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New NICE guidelines published today

Posted: 12 December 2012 by Rob Dabrowski

The NHS should consider dedicated services for women who may have an ectopic pregnancy, state NICE guidelines.

NICE guidelines
These services would also be for those who experience pain or bleeding in their first trimester.

The NICE guidelines, published today (12 December), cover diagnosis and management of ectopic pregnancy and miscarriage in early pregnancy.

Between 2006 and 2008, there were 35,495 confirmed cases of ectopic pregnancies and, of these, six women died during their first trimester as a direct result of their pregnancy.

About two-thirds of deaths caused by ectopic pregnancy are associated with substandard care, due to missed or late diagnosis.

Professor Mark Baker, director of the Centre for Clinical Practice at NICE, said: ‘It can be very distressing and, in some cases, frightening to experience a miscarriage or be told your pregnancy is ectopic.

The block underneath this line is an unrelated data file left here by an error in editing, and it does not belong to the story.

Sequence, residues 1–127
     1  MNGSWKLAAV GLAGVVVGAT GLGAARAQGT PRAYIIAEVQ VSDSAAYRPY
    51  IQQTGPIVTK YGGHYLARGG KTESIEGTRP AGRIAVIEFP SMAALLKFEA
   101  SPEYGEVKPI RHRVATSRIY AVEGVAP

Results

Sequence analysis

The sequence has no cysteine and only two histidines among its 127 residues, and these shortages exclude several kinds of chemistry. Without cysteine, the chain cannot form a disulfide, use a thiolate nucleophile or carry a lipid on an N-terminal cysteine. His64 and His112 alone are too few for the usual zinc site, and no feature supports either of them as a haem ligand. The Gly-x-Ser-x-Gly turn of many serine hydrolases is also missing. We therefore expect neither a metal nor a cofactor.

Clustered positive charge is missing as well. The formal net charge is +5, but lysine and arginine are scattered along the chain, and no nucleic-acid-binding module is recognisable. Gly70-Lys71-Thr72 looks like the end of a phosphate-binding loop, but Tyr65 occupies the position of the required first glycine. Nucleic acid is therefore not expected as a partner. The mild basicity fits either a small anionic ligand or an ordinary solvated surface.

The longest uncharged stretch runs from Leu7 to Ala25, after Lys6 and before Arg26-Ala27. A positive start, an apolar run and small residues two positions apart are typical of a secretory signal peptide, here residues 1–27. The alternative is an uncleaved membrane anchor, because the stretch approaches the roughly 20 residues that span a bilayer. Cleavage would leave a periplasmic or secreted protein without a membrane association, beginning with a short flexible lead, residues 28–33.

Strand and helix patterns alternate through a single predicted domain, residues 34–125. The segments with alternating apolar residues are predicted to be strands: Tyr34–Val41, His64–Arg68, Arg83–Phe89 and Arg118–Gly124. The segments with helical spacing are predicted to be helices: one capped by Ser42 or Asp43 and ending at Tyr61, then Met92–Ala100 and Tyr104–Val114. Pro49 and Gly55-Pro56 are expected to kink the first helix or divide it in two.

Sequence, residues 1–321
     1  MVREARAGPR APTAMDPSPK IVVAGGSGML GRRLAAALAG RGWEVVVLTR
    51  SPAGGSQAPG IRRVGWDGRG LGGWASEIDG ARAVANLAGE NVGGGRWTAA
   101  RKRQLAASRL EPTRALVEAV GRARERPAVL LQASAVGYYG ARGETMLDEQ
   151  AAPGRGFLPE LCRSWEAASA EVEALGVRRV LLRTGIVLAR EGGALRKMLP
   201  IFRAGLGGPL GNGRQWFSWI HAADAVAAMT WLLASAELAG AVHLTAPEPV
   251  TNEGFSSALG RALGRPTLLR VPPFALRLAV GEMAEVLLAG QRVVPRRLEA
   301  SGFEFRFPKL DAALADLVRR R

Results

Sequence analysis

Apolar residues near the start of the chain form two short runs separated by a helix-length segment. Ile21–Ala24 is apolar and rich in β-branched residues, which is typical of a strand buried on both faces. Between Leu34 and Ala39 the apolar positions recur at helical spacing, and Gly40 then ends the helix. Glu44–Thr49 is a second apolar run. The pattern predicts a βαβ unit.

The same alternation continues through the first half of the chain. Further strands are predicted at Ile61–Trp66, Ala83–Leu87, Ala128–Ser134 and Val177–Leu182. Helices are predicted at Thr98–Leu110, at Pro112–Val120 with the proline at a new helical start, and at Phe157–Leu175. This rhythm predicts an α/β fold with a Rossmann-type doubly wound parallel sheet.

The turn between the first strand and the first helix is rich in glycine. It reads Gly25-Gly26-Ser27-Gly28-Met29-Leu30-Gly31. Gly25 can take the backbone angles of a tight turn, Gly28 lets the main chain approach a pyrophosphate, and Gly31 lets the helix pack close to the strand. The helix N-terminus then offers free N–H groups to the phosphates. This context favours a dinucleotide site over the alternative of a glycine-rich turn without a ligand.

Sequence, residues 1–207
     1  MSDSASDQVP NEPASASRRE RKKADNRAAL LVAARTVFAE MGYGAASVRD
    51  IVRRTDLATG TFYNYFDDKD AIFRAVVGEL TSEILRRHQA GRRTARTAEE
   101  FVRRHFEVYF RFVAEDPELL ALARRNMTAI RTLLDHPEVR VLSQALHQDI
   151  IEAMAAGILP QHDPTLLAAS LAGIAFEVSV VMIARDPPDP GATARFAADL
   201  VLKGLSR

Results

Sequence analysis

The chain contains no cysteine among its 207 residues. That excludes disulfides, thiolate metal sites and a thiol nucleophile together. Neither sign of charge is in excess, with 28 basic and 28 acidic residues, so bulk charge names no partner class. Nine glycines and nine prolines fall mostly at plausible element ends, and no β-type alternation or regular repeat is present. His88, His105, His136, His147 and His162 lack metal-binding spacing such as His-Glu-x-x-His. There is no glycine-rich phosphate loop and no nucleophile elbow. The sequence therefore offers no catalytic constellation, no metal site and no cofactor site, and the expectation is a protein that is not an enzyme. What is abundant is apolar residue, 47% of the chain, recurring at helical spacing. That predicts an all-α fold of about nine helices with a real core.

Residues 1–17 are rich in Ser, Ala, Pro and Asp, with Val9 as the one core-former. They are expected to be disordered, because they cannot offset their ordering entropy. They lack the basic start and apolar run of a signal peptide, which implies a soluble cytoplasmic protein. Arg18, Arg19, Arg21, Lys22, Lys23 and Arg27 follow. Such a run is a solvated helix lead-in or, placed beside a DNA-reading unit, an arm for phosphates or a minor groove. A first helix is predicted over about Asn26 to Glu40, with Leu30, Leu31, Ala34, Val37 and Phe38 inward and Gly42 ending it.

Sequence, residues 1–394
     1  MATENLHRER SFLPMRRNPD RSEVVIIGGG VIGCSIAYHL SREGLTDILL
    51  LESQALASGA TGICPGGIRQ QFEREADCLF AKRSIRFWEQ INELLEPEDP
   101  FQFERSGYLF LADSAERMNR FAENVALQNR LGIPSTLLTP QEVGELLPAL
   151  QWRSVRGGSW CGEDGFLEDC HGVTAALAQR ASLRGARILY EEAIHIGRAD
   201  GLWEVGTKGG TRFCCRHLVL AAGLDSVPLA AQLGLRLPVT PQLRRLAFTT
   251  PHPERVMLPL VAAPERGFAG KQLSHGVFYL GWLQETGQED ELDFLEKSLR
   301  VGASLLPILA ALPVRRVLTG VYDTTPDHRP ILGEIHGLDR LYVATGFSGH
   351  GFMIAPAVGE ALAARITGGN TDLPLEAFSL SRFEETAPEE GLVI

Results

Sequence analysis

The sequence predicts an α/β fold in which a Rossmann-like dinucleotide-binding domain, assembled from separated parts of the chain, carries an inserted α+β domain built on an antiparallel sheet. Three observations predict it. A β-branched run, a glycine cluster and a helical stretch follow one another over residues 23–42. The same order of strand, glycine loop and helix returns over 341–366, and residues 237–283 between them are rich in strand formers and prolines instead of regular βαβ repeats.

‘It’s vital that women and their families receive good, consistent, timely and effective care and support that addresses their needs and enables them to make informed decisions.

‘We know that not every woman is receiving this level of treatment at the moment but this guideline will address that inconsistency and ensure all women receive excellent care, no matter where they live.’

The guidelines recommend an early pregnancy assessment service available seven days a week for women with early pregnancy complications.

Jane Munro, quality and audit professional advisor at the RCM, said: ‘Women experiencing pain and bleeding in early pregnancy need to be able to access help and support seven days a week.

‘The focus on emotional support and information giving is important, so that women can be clear about their choices and make informed decisions.
 
‘The guidelines will also help to raise awareness of the signs and symptoms of a potential ectopic pregnancy amongst all healthcare professionals involved in the care of women of reproductive age. We look forward to their widespread implementation.’